Spray foam is used beneath the poured concrete slab to increase R-value (insulating performance). The foam also acts as a moisture barrier to prevent water from seeping into the basement. The concrete basement walls are prefabricated, and at every potential gap, more spray foam keeps outside forces at bay.
Views from the upper bedrooms are sweeping. Metal sunshades will be installed on the front of the house, angled to catch the best of all seasons, providing relief from summer sun and promoting warmth in the winter.
In the front section of the basement, Laura and Dan have installed a full bath, and the adjoining room could be the perfect man or woman cave.
Once construction is complete, Laura plans to move in for a while. She says Hazel House is her and Dan’s science experiment. She’s planning on getting roommates who will join her in waking from green dreams to another sunny day in this vibrant and changing cityscape. marc h 20 11
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by char vandermeer
Seed money T
he storm door creaks open. There’s a rustle, then a clang as Dan the mailman slips a welcomed stack of seed catalogs through the mailslot. They land on the living room floor in a foomp of hopeful glory. First the winter solstice and now this special ray of hope. Spring is on its way. So many seeds! So little room. This is the blessing and the curse of an urban container gardener. Not enough room to plant everything you want, but plenty of chances to indulge a gardener’s whims and desires. With that in mind, now’s the time to surround yourself in a mountain of catalogs, grab a pen, and start planning those indulgences. First, figure out what your tiny patch must have to call itself a self-respecting garden. For example, there’s a certain roof-bound garden in Pennsport that simply couldn’t look neighboring treetops in the eye if it didn’t sport at least three varieties of tomatoes, two types of green beans, plenty of radishes, a few pots of lettuce, and, oh yeah, cucumbers. Next, survey your partner, friends and coworkers, and plant a few things built for sharing — things you’ll grow enough of to give away, or won’t miss when the squirrels get at them. Say, basil, parsley, peppers and thyme. And maybe eggplants, because they’re kind of gross, but awfully pretty. Last, pick out at least one “why the hell not” challenge, like muskmelons.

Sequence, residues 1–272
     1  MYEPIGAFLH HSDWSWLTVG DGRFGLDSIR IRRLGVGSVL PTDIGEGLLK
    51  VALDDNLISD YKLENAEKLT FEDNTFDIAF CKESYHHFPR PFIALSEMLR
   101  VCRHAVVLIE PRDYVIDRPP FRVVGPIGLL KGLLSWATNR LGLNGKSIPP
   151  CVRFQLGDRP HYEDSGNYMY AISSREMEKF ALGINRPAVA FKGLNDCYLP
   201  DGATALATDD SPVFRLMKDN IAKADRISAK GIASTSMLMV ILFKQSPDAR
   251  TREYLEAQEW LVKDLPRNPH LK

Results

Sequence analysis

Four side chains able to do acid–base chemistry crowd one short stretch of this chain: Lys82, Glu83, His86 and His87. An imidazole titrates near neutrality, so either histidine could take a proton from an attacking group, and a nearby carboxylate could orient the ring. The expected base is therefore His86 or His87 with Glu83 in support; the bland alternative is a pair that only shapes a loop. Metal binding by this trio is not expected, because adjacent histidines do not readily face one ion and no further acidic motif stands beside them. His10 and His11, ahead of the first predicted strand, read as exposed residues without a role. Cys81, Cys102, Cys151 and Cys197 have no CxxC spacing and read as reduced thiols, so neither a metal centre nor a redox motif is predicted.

Thus prepared with your preliminary list, it’s time to crack open the catalogs. Try to keep an eye open for companies that proclaim their commitment to organic or heirloom seeds and only patronize those who have signed the Safe Seed Pledge, as they’ve vowed not to buy or sell genetically engineered seeds. A few good sources include Johnny’s Selected Seeds, an employee-owned Maine company that focuses on the home gardener; Seeds of Change, based in New Mexico, boasts 100 percent organic seed stock and donates a portion of their net sales to worldwide sustainable agriculture; Missouri’s Baker Creek Heirloom Seeds is the perfect source if rare heirlooms are your thing; and Oregon’s Victory Seed Company farms and packages many of their seeds, and their website offers
an incredible wealth of gardening information. Finally, Pennsylvania’s own D. Landreth Seed Company features a fantastic selection of seeds exclusively for the “patio gardener.” Incidentally, they’re the source of this gardener’s delightfully sweet, adorably wee Minnesota Midget melon. Swiss chard If you’re looking for someseeds thing a little more local (or just don’t feel like getting gouged on shipping), then hop on your bike and head over to Bartram’s Garden, where dedicated staff and volunteers have packaged up some oldies but goodies just for your little garden. Give lactuca sativa (miniature “tennis ball” head lettuce), atriplex hortensis (red mountain spinach), solanum melongena (surprise, we’re talking eggplant here), or barbarea verna (early winter cress) a go and see what happens. Happy seed dreaming! Char Vandermeer tends a container garden on her South Philly roof deck; she chronicles the triumphs and travails at plantsondeck.com.
An sssortment of seeds including green beans, lettuce, cucumber and eggplant.
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Meet members of the pennsylvania association for sustainable agriculture, working to bring fresh, delicious food to local eaters
Turning Roots Farm
does the chicken dance • page 6
Two Gander Farm’s bee-line to the city • page 10 Table Talk PASA member restaurants dish
on their partners • page 22